Lebanon marked 76 years of self-rule on Friday, with protesters joining festivities nationwide instead of a military parade to mark what they say is the first year of “real independence.”
Christians and Muslims from across the political spectrum have for weeks marched together united in their rejection of a governing class they deem inept and corrupt.
The youth-led movement has boosted a new cross-sectarian pride in the small Mediterranean nation that was torn by a bloody 1975-1990 civil war — a fresh sense of optimism that was on full display on Friday.
“We’re all here together to build a new Lebanon,” said Karl, a middle-aged cyclist with a national flag draped on his bicycle in the crowds of Beirut’s central Martyrs’ Square.
As night fell, dance music boomed from loudspeakers and thousands waved lighters, mobile phone torches and candles, while others lighted balloon lanterns and released them into the sky.
Throughout the day, tens of thousands had massed across the country for outdoor festivities — the upbeat mood in stark contrast to the sober state ceremonies held in the morning.
The street movement brought down the government last month, though a new cabinet has yet to be formed.
The demonstrations have brought together people from different religious and political backgrounds, who share the hope of sweeping out a system they say is broken and often unable to provide even basic services.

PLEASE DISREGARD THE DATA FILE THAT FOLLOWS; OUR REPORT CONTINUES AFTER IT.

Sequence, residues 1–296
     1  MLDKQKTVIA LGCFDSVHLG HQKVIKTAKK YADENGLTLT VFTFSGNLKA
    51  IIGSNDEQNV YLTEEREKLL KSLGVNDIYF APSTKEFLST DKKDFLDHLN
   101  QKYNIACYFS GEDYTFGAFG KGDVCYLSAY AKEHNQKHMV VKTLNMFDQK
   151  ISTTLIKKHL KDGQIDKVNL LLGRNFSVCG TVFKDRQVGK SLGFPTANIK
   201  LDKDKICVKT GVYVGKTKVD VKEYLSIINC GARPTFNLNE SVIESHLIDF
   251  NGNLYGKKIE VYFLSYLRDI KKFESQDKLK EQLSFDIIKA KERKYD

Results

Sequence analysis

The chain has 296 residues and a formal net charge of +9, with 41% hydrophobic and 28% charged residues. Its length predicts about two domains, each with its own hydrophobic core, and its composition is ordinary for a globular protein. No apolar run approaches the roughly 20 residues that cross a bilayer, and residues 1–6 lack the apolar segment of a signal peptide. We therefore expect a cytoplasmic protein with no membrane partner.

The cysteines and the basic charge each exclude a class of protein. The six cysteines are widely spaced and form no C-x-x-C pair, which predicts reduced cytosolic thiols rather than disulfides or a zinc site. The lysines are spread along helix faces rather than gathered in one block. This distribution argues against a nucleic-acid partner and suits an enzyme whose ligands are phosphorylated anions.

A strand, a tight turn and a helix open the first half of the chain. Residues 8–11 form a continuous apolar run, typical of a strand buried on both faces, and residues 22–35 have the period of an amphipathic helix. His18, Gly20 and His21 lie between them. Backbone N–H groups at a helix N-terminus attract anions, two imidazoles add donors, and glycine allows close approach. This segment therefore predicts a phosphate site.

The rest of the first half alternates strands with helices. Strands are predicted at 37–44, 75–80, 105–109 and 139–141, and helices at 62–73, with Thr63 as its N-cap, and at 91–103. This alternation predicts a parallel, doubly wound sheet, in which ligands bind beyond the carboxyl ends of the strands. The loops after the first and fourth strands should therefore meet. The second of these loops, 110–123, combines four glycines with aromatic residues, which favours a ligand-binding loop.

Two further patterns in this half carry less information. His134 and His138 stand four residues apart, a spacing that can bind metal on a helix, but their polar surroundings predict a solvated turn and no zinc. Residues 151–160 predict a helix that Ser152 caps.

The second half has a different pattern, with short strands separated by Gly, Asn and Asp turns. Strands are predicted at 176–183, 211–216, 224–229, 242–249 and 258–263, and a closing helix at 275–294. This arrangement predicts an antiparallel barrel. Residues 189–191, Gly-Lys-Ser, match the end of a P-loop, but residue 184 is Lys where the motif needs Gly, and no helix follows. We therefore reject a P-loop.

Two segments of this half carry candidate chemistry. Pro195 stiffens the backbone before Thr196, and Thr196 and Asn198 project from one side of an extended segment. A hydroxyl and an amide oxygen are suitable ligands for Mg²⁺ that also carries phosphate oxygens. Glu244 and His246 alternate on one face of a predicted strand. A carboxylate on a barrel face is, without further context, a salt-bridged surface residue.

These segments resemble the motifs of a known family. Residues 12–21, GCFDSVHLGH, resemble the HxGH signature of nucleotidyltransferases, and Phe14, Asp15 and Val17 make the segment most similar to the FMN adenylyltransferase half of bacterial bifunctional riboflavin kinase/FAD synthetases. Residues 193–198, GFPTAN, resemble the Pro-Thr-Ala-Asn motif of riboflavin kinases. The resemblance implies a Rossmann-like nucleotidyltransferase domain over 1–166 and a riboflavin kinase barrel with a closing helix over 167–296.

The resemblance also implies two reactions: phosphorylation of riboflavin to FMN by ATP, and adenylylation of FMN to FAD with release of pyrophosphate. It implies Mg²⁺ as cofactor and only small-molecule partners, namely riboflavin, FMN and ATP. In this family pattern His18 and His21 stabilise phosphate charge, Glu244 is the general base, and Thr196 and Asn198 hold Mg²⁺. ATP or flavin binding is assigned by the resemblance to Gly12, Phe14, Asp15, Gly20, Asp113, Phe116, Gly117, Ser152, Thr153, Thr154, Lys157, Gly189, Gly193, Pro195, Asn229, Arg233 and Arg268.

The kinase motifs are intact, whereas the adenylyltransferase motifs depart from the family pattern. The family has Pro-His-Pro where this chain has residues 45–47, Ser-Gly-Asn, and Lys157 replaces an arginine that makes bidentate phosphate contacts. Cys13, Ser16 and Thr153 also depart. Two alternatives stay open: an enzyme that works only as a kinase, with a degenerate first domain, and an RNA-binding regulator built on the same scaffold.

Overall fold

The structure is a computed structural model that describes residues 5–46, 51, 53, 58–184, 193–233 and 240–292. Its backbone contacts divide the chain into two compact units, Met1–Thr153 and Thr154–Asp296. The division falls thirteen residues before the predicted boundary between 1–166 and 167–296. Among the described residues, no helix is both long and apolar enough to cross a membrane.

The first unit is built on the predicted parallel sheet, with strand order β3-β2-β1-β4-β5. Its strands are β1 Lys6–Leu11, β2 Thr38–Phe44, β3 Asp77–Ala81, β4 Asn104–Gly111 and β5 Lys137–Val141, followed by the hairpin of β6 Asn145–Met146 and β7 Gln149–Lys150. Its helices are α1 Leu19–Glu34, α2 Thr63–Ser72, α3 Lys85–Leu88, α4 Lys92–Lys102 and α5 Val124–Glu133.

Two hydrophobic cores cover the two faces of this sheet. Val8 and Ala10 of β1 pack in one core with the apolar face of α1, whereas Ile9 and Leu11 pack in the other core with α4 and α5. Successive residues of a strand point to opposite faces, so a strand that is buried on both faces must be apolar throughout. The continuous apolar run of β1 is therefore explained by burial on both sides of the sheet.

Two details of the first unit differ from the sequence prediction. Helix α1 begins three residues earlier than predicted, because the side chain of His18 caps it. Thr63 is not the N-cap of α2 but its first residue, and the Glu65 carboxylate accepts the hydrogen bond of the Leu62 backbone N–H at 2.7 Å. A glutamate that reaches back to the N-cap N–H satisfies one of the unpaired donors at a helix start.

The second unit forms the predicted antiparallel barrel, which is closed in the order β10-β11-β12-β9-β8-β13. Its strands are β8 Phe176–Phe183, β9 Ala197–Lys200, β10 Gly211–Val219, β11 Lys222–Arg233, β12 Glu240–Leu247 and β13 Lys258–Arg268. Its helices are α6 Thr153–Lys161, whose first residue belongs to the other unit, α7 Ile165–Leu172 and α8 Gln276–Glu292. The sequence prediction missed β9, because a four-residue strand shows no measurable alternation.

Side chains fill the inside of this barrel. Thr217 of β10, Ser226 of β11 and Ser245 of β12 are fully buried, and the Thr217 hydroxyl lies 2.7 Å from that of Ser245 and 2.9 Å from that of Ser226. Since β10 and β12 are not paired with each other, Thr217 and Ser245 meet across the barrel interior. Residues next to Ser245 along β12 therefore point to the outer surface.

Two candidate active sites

“It’s the first time Lebanese from all religious communities have protested en masse without a political party calling for it, and against all parties,” 21-year-old university student Tamara said, adding: “That’s real independence — one that’s organic.”
Lebanon achieved independence on Nov. 22, 1943, after 23 years under a French mandate, following an earlier wave of demonstrations that brought together the country’s Christians and Muslims.
However, the country was then ripped apart in the civil war. After which, two more foreign powers occupied it — Israel from 1978 to 2000 and Syria from 1976 to 2005.
A post-war accord sought to share out power between Lebanon’s various religious communities, but the country remained deeply divided along sectarian lines.
Many Lebanese however now feel united by the new protest movement, whatever their backgrounds.
In a sign of defiance on Friday, demonstrators in Beirut replaced an iconic symbol of the protests, less than 24 hours after it was burnt down by an unknown perpetrator.
After dark, dozens of demonstrators in Martyrs’ Square hauled into place the giant cutout of a clenched fist, inscribed with the word “revolution.”
In the afternoon, huge crowds cheered on an alternative civil society parade representing various groups, from students and farm workers to scouts, hikers and bikers.
A team celebrating nature clutched flowers and tree branches, while elsewhere women were clanging saucepans, as they have done every evening to protest against the government.
“I hope this independence day will be a turning point,” said Leila, a woman carrying cymbals in both hands.
“Our pockets are still empty but we’ve found a new dignity,” she said, before zipping back into the crowd.
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